CyberAlert -- 02/27/2001 -- Nets Pounced on Anti-Tax Cut Poll
Nets Pounced on Anti-Tax Cut Poll; Tax Cut "Favors" Wealthy; NBC's Today Pushed "Trigger" Idea; Helen Thomas's Liberal Views
1) The ABC and NBC morning shows jumped on an ABC News poll which found most want a smaller tax cut and only 22 percent think a tax cut should be the top priority for the surplus. GMA and Today both cited the numbers in three separate stories, with ABC's Terry Moran tagging it a "handicap" for Bush.
2) CBS's Jane Clayson this morning suggested "many Americans would prefer a smaller tax cut for lower and middle income Americans" and she asked Karen Hughes to agree: "But doesn't the tax cut really favor mostly wealthy Americans?"
3) Today's Katie Couric asked Karen Hughes "what's wrong" with imposing a "trigger" to stop tax cuts. Matt Lauer pressed Dick Gephardt: "Wouldn't it make you very comfortable if this trigger system were put into effect?" Couric highlighted how ABC's poll found "nearly a half of the people...thought the plan will benefit mainly the wealthy."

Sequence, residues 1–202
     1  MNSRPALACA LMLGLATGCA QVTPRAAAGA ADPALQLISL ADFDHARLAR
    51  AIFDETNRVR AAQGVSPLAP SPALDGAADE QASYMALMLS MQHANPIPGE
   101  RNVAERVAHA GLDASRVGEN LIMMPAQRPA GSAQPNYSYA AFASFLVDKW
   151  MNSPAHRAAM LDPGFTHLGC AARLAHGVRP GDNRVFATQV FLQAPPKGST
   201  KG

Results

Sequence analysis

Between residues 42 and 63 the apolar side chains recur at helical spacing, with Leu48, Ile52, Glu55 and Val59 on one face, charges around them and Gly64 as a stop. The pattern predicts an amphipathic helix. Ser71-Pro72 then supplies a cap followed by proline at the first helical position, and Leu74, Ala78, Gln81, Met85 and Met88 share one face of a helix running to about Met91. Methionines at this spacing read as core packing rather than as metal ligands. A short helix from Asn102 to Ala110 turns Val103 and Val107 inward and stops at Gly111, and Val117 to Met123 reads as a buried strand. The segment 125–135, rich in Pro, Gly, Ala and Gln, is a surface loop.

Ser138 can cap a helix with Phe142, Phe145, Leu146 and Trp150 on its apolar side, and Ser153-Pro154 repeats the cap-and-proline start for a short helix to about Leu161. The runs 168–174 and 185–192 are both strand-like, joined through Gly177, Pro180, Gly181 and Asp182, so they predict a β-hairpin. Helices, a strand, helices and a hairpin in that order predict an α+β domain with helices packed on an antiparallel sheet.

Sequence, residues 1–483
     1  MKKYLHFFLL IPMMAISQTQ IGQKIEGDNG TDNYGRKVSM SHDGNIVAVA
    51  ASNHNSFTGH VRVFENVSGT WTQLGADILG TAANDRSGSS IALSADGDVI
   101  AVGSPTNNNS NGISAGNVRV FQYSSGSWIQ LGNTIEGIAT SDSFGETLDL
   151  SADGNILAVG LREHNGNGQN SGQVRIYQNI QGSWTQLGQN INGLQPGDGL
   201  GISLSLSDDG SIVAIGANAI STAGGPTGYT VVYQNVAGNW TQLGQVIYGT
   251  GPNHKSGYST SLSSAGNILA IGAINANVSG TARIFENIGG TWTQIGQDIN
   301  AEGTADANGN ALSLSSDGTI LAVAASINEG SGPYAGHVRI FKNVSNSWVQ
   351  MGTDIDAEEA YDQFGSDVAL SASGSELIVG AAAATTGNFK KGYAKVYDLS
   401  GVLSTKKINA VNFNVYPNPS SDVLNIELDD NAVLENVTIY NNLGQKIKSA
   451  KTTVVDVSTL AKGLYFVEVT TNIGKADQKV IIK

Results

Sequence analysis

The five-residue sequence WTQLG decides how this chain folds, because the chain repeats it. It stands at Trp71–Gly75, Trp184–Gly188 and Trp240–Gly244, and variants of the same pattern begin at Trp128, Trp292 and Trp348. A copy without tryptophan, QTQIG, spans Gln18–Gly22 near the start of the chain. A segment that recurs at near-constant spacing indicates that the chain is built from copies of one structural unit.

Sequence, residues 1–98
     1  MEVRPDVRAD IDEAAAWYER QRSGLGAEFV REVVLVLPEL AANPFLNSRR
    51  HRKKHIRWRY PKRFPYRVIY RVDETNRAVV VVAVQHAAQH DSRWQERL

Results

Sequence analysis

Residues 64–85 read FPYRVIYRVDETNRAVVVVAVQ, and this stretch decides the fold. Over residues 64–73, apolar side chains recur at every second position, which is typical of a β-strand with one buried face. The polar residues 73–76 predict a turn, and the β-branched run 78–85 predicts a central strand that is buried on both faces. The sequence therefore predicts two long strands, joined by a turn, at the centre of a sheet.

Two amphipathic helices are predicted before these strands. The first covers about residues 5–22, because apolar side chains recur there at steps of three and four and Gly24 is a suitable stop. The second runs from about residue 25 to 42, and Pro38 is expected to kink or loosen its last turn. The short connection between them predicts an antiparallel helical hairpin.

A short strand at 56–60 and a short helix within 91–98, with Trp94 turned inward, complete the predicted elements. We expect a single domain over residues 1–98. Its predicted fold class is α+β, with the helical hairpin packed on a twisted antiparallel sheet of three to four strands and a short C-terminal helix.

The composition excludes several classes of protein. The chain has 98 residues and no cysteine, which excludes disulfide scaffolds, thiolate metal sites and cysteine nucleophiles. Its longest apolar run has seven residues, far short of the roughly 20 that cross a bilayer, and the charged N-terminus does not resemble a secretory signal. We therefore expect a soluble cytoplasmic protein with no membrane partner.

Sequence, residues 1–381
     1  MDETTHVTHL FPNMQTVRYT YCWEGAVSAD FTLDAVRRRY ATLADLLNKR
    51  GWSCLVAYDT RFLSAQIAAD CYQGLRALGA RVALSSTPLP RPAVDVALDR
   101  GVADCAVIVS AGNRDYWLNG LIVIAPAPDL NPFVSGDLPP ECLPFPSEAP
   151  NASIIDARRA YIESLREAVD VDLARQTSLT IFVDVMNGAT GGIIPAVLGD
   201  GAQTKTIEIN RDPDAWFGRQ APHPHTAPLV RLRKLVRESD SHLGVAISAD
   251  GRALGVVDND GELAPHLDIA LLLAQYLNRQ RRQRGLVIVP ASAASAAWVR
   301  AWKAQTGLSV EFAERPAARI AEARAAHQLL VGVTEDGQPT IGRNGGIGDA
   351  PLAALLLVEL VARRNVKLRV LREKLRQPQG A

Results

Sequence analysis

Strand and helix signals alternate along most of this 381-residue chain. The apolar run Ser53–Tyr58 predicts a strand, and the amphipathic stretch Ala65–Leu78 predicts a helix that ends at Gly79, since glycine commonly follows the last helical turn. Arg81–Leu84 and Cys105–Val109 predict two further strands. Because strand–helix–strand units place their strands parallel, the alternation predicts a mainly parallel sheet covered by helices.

Usually networks don't cite polls done by their competitors, but NBC made an exception this morning for an ABC News poll which found 53 percent prefer a "smaller, more targeted" tax cut and only 22 percent think a tax cut should be the "highest priority" for the surplus. Today news reader Ann Curry highlighted the finding in two hourly news updates and Katie Couric raised the 22 percent number in an interview with White House counselor Karen Hughes. (See item #3 below for Couric's question.)
Of course, on the morning before President Bush's address to Congress in which he'll make the case for his tax cut plan, ABC also emphasized their own poll.
Here's a rundown of how ABC's Good Morning America and NBC's Today made sure viewers realized how unenthusiastic Americans supposedly are about Bush's tax cut.